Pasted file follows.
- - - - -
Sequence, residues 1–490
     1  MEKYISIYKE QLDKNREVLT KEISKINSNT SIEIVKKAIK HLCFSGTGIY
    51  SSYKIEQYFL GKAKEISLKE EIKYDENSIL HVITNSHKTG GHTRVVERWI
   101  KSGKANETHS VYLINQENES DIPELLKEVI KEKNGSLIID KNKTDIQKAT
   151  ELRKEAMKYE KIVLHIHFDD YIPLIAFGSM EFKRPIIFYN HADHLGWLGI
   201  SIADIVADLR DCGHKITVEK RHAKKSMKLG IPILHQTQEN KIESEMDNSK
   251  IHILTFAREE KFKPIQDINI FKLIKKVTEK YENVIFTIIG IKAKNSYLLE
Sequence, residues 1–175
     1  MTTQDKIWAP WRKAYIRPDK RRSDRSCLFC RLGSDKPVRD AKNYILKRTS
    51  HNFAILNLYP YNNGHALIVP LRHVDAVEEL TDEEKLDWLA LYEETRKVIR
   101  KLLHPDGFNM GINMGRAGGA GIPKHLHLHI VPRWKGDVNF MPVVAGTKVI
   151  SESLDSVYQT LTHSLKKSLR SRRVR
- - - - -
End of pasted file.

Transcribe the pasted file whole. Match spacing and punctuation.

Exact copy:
Sequence, residues 1–490
     1  MEKYISIYKE QLDKNREVLT KEISKINSNT SIEIVKKAIK HLCFSGTGIY
    51  SSYKIEQYFL GKAKEISLKE EIKYDENSIL HVITNSHKTG GHTRVVERWI
   101  KSGKANETHS VYLINQENES DIPELLKEVI KEKNGSLIID KNKTDIQKAT
   151  ELRKEAMKYE KIVLHIHFDD YIPLIAFGSM EFKRPIIFYN HADHLGWLGI
   201  SIADIVADLR DCGHKITVEK RHAKKSMKLG IPILHQTQEN KIESEMDNSK
   251  IHILTFAREE KFKPIQDINI FKLIKKVTEK YENVIFTIIG IKAKNSYLLE
Sequence, residues 1–175
     1  MTTQDKIWAP WRKAYIRPDK RRSDRSCLFC RLGSDKPVRD AKNYILKRTS
    51  HNFAILNLYP YNNGHALIVP LRHVDAVEEL TDEEKLDWLA LYEETRKVIR
   101  KLLHPDGFNM GINMGRAGGA GIPKHLHLHI VPRWKGDVNF MPVVAGTKVI
   151  SESLDSVYQT LTHSLKKSLR SRRVR